GUIDELINES FOR DRINKING-WATER QUALITY IAEA IARC IC ICP ICRP IDC IPCS ISO JECFA JMPR Kow LC LI LOAEL LRV MCB MCPA MCPP metHb MMT MS MTBE MX NAS NDMA NOAEL NOEL NTA NTP NTU P/A PAC PAH PAM PCP PCR International Atomic Energy Agency International Agency for Research on Cancer ion chromatography inductively coupled plasma International Commission on Radiological Protection individual dose criterion International Programme on Chemical Safety International Organization for Standardization Joint FAO/WHO Expert Committee on Food Additives Joint FAO/WHO Meeting on Pesticide Residues octanol/water partition coefficient liquid chromatography Langelier Index lowest-observed-adverse-effect level log10 reduction value monochlorobenzene 4-(2-methyl-4-chlorophenoxy)acetic acid 2(2-methyl-chlorophenoxy) propionic acid. mecoprop methaemoglobin methylcyclopentadienyl manganese tricarbonyl mass spectrometry methyl tertiary-butyl ether 3-chloro-4-dichloromethyl-5-hydroxy-2(5H)-furanone National Academy of Sciences (USA) N-nitrosodimethylamine no-observed-adverse-effect level no-observed-effect level nitrilotriacetic acid National Toxicology Program (USA) nephelometric turbidity unit presence/absence powdered activated carbon polynuclear aromatic hydrocarbon primary amoebic meningoencephalitis pentachlorophenol polymerase chain reaction xxii .

GUIDELINES FOR DRINKING-WATER QUALITY PD PMTDI PPA PT PTDI photoionization detector provisional maximum tolerable daily intake protein phosphatase assay purge and trap provisional tolerable daily intake xxiia .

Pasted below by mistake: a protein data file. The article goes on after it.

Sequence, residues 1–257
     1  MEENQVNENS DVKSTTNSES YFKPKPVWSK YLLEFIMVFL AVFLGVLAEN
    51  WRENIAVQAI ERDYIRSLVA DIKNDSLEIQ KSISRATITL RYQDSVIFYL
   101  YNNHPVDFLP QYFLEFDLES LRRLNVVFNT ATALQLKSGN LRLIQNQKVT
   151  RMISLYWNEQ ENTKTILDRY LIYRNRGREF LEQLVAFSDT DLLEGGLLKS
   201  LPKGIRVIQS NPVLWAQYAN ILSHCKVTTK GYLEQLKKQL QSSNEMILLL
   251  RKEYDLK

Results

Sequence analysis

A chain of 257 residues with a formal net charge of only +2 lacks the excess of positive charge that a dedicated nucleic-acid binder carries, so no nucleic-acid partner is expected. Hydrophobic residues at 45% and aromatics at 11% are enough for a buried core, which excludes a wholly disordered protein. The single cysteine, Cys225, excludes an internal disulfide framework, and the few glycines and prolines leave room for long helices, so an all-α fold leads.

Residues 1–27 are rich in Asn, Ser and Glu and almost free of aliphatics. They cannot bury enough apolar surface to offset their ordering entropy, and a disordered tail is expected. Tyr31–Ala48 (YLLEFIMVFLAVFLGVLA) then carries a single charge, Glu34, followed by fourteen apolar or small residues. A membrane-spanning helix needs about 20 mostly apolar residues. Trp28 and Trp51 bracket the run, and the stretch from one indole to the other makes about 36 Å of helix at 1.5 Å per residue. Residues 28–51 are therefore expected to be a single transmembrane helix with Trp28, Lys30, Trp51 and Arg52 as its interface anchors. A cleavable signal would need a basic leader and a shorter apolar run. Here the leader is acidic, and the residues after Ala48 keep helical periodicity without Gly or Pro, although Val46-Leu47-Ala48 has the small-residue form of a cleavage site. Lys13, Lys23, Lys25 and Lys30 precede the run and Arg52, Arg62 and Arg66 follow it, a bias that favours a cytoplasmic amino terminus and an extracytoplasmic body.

ACRONYMS AND ABBREVIATIONS USED IN TEXT PTWI PVC QMRA RDL RIVM RNA SI SOP SPADNS TBA TCB TCU TD05 TDI TDS THM TID TPH UF UNICEF UNSCEAR USA US EPA UV UVPAD WHO WHOPES WQT WSP YLD YLL provisional tolerable weekly intake polyvinyl chloride quantitative microbial risk assessment reference dose level Rijksinstituut voor Volksgezondheid en Milieu (Dutch National Institute of Public Health and Environmental Protection) ribonucleic acid Système international d’unités (International System of Units) standard operating procedure sulfo phenyl azo dihydroxy naphthalene disulfonic acid terbuthylazine trichlorobenzene true colour unit tumorigenic dose05. the intake or exposure associated with a 5% excess incidence of tumours in experimental studies in animals tolerable daily intake total dissolved solids trihalomethane thermal ionization detector total petroleum hydrocarbons uncertainty factor United Nations Children’s Fund United Nations Scientific Committee on the Effects of Atomic Radiation United States of America United States Environmental Protection Agency ultraviolet ultraviolet photodiode array detector World Health Organization World Health Organization Pesticide Evaluation Scheme water quality target water safety plan years of healthy life lost in states of less than full health.e. i.. years lived with a disability years of life lost by premature mortality xxiii .